VERSO: SUPU2 is a pithos or alternatively sappu, which is Semitic for bowl (practically the same thing). Hence, this decipherment is sound. The SSYL KA probably refers to karasa (Anatolian), meaning a large jar, which reinforces the decipherment of SUPU2. PA3 (PAI) on line 2 again refers to millet or spelt. ZARI- continued on line 3 with – RE is unknown, but has something to do with crops, followed as it is with the symbols for harvesting shares. KAPA karpa/ is ripe crops. PAJARA on line 4 appears to mean indentured land.
All in all, this decipherment is coherent, and holds together well.
Linear A tablet PY Ub 1318a (Pylos) – millet or spelt:
This is Linear A tablet PY Ub 1318a (Pylos), which deals with millet or spelt, and mentions switches or something bent, which I take to be scythes.
The supersyllabogram KI kitina NM1 ktoi/na/ktoina/siaj probably means a border of a plot of land/territory Cf. Linear B kotona kotoina ktoi/na = plot of land. There is no way of substantiating this claim. However, it does make sense, given that it appears on all of rhe following Linear A tablets from Haghia Triada (HT), on one from Tylissos (TY) and one from Zakros (ZA):
HT 8 oo HT 9 wi HT 16 oo HT 28 oo HT 44 gr HT 50 oo (x2) HT 91 oo HT 101 oo (x2) HT 116 (x2) HT 125 oo HT 129 oo HT 140 oo (x2) TY 3 (x3) ZA 18 oo
All of these tablets except one apparently deal with olive trees, rather than olive oil. The one exception is HT 44, which deals with grain, another crop which is grown on plots of land.
4-sided Cretan pictogram bar with end shown & interpretations of pictograms:
Cretan pictograms – 15-23: crops (possibly/probably/definitely) known:
All of the Cretan pictograms from 15 to 23 definitely deal with crops, though in some cases we cannot tell for certain which ones. In other cases, the crops represented by their respective pictograms are either probably or definitely identified. 17a. & 17b. are spice containers. 19a. – 19c. are 3 variants for olives/olive oil. 22. is absolutely the ideogram for wheat. 20. (multiple variants) is saffron.
Tablet, Malia Palace MA/P Hi 02 in so-called Cretan hieroglyphs, dealing with crops and vessels (pottery):
Tablet, Malia Palace MA/P Hi 02 in so-called Cretan hieroglyphs, which are not hieroglyphs at all, but rather ideograms and logograms, is highly intriguing. Actually, this tablet is partially decipherable. The front side definitely deals with the produce of olive trees, i.e. olive oil and also with wheat crops. If anyone is in any doubt over the meaning of the logogram 5. TE, which looks exactly like the Linear A and Linear B syllabogram TE, this doubt can easily be swept away by mere comparison with the logogram/ideogram for “wheat” in several ancient scripts, some of which are hieroglyphic, such as Egyptian, others which are cuneiform and yet others which bear no relation to either hieroglyphs or cuneiform, or for that matter, with one another, as for instance, the Harrapan and Easter Island exograms.
In fact, the recurrence of an almost identical ideogram/logogram across so many ancient scripts is astonishing. It is for this reason that I am in no doubt over the interpretation of 5. TE as signifying what in the Cretan script.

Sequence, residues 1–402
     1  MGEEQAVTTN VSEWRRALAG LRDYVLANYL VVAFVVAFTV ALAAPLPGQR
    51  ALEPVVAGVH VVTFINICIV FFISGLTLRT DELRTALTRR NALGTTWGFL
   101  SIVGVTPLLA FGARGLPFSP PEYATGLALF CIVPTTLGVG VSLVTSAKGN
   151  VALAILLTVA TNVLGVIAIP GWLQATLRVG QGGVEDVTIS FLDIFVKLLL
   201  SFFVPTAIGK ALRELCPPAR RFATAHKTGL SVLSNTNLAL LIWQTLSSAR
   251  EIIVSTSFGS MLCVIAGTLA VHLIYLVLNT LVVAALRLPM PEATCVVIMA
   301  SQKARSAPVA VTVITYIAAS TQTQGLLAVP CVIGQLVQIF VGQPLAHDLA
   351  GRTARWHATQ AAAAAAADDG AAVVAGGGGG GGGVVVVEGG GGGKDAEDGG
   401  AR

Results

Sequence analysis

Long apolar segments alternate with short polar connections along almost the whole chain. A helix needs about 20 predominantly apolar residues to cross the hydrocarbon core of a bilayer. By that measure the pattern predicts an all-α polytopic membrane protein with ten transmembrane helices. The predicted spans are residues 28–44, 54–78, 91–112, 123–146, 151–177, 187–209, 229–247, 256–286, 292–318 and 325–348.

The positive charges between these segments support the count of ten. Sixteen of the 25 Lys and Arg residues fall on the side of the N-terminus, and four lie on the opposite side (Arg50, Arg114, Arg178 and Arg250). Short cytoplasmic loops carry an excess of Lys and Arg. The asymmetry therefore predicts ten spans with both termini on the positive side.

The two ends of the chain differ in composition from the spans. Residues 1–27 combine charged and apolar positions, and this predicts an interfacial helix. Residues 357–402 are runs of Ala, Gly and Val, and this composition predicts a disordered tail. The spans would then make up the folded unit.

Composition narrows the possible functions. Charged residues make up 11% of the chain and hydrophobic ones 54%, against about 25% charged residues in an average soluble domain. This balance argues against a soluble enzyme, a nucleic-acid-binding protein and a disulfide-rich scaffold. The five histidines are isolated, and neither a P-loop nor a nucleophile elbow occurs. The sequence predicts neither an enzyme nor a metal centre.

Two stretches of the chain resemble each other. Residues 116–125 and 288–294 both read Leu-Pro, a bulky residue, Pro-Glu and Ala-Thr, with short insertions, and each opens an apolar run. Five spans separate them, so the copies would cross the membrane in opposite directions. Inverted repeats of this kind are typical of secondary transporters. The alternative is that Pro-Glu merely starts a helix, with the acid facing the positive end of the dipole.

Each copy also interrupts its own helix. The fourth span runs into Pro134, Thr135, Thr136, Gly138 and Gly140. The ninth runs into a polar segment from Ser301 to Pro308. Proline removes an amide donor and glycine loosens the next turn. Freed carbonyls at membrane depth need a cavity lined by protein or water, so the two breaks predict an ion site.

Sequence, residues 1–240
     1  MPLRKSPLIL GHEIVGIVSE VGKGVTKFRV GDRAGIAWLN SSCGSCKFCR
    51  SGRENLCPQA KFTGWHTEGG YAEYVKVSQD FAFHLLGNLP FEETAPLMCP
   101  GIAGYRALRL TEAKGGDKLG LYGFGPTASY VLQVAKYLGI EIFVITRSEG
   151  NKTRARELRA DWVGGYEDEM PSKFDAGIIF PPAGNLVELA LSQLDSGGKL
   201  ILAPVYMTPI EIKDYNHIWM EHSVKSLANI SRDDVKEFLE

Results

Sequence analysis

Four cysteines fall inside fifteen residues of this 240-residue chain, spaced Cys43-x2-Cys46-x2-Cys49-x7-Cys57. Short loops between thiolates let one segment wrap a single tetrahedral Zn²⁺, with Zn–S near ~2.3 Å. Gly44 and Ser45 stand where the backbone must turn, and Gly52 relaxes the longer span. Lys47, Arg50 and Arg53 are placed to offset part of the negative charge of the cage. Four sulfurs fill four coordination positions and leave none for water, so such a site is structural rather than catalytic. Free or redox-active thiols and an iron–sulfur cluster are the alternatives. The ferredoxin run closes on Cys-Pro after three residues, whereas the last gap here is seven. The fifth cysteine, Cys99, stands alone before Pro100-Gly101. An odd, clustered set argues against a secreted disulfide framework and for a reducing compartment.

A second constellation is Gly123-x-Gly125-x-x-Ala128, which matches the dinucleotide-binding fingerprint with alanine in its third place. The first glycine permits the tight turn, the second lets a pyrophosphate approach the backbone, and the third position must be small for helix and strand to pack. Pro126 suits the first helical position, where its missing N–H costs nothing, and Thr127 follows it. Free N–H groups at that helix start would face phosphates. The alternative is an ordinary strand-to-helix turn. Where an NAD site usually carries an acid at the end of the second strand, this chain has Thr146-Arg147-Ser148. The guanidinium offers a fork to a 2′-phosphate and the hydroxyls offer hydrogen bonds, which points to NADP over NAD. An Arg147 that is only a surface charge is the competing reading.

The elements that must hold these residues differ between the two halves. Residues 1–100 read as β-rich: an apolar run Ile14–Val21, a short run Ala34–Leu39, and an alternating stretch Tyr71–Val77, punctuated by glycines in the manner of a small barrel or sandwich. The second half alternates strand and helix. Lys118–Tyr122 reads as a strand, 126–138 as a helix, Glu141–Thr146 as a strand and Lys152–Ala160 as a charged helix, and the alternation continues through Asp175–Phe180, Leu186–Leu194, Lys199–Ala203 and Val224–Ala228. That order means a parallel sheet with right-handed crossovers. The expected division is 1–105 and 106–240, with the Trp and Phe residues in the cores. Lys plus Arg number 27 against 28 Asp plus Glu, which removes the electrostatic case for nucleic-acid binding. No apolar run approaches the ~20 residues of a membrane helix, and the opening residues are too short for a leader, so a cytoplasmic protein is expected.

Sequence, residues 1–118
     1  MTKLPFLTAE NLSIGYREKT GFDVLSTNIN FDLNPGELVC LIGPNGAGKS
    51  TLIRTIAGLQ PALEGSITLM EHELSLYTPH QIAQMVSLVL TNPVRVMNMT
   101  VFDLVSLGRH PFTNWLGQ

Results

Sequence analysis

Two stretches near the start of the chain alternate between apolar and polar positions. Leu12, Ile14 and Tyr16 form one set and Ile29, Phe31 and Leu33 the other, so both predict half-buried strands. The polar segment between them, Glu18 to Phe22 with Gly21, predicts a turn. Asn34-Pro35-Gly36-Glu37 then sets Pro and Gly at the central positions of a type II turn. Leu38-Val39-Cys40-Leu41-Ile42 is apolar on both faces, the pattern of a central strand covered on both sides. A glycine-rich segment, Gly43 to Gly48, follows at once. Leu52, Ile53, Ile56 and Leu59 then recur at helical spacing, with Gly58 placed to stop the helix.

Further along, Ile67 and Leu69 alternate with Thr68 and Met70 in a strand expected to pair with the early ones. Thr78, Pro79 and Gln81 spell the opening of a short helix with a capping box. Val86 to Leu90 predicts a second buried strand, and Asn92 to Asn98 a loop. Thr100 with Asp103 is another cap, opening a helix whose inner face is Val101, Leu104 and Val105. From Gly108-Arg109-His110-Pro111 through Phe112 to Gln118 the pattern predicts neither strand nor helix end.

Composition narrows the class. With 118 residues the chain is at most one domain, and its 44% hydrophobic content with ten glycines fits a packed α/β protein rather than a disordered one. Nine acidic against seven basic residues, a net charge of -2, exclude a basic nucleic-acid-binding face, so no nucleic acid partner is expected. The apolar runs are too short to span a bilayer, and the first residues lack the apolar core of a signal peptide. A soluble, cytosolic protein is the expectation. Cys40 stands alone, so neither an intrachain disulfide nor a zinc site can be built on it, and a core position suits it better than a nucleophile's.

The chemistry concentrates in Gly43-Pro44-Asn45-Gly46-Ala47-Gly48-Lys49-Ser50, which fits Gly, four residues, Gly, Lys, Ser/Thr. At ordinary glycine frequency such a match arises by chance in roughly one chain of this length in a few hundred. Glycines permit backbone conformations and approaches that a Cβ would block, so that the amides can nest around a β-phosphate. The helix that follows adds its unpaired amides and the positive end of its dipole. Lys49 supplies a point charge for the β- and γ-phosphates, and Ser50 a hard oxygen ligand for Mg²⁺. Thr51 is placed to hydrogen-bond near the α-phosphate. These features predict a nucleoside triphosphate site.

Next up, we have 3a. & 3b., which I interpret, and probably correctly, as signifying “ewe” and “ram” respectively. In fact, the resemblance of 3b. to a ram’s head is uncanny. What is passingly strange is this: the ram’s head figures so prominently on the second side of the tablet, being much larger than any other ideogram/logogram on the tablet. Why is this so? There simply has to be a reason. But for the time being, I am stumped. Since 3a. & 3b. Relate to sheep, it stands to reason that 6. is another type of livestock. My money is on “pig”. 7. and 9. are both vessels, 7. probably being either a wine or water flask and 9. being a spice container, as it is strikingly similar to the Linear B ideogram for the same. 8. looks like some kind of grain crop, and so I take it to be so.
As for the rest of the ideograms/logograms, they are still indecipherable.
Translation of Linear B tablet Knossos KN 854 K j 11 by Rita Roberts:
New interpretation of Linear A tablet ZA 20 (Zakros):
This new interpretation of Linear A tablet ZA 20 (Zakros) varies only slightly from my original one. I interpret the syllabogram on line 0 (the indecipherable line) as being NI, since the bottom of NI is a vertical line. And figs often figure prominently in Linear A tablets. The actual reading of the text is not quite clear, since there are at least 2 damaged syllabograms following MI on line 1. It is impossible to determine with any accuracy what the actual units of measurement are for anything on this tablet, although of course the units of chaff from wheat would have to be considerably less than the total units of wheat. So 1 unit + 6 units of wheat probably refers to something like bushels (a mere approximation), from which we would not get all that much chaff… which may explain the presence of the container, supposedly containing 3 smallish units of chaff. But why would anyone want to place chaff in a container? So we see problems with the decipherment.
Minoan Linear A poetic vocabulary (11 pages): Thematic: Agriculture/crops: adara/adaro/adaru = having to do with the measurement of grain crops ade/adu = large unit of measurement for grains, something like bales? adureza = dry unit of measurement, usually for grains akara/akaru a1kra (arch. acc.) - or - = end, border + akaru a0gro/j = field